A: Students today treat jazz like an academic course similar to learning classical theory. They are more interested in harmony, which is – ironically – the element audiences are least interested in! Jazz at its finest features individuals who expose their inner emotions – joy, fear, pain, confidence – to the listeners. The more the risk, the greater the potential reward. People loved Louis Armstrong because of his joyous expression, Charlie Parker for his melodic ingenuity and swing, Miles Davis for his vulnerability, and John Coltrane because of his obsessive spirituality.

Today, you hear young players and all you can say is, “Wow they sure sound great, they’ve really studied hard!” Ron Carter doesn’t agree, but I think students should have to play with more musicians who don’t read music, because it forces them to create and accept the adjustments that are real life. Like a kid who doesn’t have a computer or video games throwing a ball against a door and creating her own game. That’s as beautiful as a kid who perfects the art of Madden 2012! And these kids who practice running scales… They are not nearly as proficient as the great jazz masters. The problem is that they don’t realize it, and no teacher would dare tell them, unlike in professional sports!

Q: Along with “traditional” music students, you’ve done a lot of work with younger kids. Your Uptown Music Theatre’s “Kidstown After School” program was introduced to three New Orleans grammar schools in 2009, and you’ve written over 80 songs that help introduce kids to jazz. How has that program worked out? Also, what kind of mindset do you have to have when writing for kids?

A: My younger brother Mboya has autism, which makes it difficult for him to learn beyond a very basic level. His reality inspired me to found the Uptown Music Theatre, to provide quality arts education for under-served youth. My primary aim is to never pander to the kids I work with, but introduce them to professional training early on. For some reason, everyone loves to see little kids using big words and performing beyond their grade level. So, I write material for second and third graders that they’ll appreciate in eighth or ninth grade.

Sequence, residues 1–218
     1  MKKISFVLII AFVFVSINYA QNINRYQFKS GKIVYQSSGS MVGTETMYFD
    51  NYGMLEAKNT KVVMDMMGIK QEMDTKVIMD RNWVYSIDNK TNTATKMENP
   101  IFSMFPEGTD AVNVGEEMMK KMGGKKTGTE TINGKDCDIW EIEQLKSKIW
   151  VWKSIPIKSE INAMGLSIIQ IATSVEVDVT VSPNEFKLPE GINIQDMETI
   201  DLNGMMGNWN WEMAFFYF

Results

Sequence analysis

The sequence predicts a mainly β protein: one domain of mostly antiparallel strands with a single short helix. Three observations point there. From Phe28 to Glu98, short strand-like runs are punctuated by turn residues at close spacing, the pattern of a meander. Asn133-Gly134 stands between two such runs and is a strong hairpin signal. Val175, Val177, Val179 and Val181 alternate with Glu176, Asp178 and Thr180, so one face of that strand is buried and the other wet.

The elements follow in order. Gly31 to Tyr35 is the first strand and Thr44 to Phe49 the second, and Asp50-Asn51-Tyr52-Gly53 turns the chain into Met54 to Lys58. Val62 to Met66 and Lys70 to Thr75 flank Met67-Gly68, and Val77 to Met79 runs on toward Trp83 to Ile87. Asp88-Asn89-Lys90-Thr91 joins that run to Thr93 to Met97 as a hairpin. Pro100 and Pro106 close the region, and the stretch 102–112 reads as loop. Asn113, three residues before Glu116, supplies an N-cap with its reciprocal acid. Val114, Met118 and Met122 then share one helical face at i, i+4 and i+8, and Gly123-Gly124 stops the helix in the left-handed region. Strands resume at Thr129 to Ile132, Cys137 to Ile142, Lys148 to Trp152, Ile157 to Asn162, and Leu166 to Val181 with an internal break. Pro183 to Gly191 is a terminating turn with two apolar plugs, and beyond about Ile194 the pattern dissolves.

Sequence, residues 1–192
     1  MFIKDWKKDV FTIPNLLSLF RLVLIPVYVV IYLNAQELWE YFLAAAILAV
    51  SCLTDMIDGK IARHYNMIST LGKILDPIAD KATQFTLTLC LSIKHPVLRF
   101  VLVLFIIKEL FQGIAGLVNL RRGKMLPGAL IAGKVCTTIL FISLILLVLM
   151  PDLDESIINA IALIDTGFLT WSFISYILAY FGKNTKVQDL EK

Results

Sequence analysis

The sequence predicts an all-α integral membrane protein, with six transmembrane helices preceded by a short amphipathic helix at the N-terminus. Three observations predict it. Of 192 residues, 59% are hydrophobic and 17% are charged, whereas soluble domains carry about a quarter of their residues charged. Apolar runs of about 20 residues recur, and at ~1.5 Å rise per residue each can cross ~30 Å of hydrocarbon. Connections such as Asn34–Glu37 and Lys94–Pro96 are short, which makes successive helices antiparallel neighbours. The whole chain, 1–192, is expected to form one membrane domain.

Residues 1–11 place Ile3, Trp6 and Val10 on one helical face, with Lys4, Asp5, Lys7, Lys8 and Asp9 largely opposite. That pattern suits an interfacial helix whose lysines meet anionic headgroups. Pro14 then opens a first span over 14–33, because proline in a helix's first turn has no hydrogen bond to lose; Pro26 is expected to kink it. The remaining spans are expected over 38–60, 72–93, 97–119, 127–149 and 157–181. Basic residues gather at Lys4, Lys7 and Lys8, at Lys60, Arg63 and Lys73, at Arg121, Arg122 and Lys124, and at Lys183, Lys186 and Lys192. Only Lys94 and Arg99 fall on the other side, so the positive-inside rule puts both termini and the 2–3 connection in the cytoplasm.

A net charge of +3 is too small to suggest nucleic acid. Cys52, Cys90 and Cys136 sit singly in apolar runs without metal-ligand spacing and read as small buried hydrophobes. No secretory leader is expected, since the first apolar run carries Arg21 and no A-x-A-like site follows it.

At the same time, I’m very sensitive to not rely on adult subject matter or profanity. The rub is that everyone in our program is accepted, regardless of ability. So the advanced kids have to sacrifice to help those with less experience, and those not interested (and maybe their mom made them participate) have to cope with the realities inherent in completing a task when you don’t want to, or are in over your head. All great life lessons that I learned throughout my childhood from my parents, siblings, relatives, teachers and other adults who were interested in my development. Tough love, fair love, the best love.

The Port of Albany’s Riverfront Jazz Festival takes place from 12noon-9pm on Saturday (September 8) at Riverfront Park in Albany’s Corning Preserve. Delfeayo Marsalis and his band are slated to hit the stage at 4pm. The rest of the line-up of performers at the fest includes the yet-to-be-announced winner of the Downtown Albany JazzFest Competition (12noon); Way Down (1:15pm); the Pedrito Martinez Group featuring Araicne Trujillo (2:30pm); Charlie Hunter (5:30pm); and Terri Lyne Carrington’s Mosaic Project featuring Nona Hendryx and Gretchen Parlato (7pm). Fireworks will conclude the fest. Admission is FREE. The rain location for the fest is the Palace Theatre in Albany.